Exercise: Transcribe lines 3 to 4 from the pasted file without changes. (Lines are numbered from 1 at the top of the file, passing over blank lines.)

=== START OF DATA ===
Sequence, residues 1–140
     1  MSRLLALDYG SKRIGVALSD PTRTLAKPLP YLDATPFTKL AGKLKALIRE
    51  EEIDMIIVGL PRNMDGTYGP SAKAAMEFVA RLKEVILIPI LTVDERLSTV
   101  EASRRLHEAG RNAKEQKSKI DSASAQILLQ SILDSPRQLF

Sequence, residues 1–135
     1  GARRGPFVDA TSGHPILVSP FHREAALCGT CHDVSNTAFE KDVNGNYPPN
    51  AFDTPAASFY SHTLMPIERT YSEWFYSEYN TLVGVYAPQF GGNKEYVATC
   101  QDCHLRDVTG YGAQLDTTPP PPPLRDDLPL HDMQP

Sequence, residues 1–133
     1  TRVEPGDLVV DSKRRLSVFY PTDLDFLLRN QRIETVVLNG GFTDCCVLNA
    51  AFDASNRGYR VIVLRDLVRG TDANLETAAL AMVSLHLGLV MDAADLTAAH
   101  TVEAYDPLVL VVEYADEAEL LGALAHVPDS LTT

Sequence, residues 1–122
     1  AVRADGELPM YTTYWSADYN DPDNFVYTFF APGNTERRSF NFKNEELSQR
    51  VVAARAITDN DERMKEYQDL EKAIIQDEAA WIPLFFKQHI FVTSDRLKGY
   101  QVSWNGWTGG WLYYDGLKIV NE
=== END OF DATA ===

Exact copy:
    51  EEIDMIIVGL PRNMDGTYGP SAKAAMEFVA RLKEVILIPI LTVDERLSTV
   101  EASRRLHEAG RNAKEQKSKI DSASAQILLQ SILDSPRQLF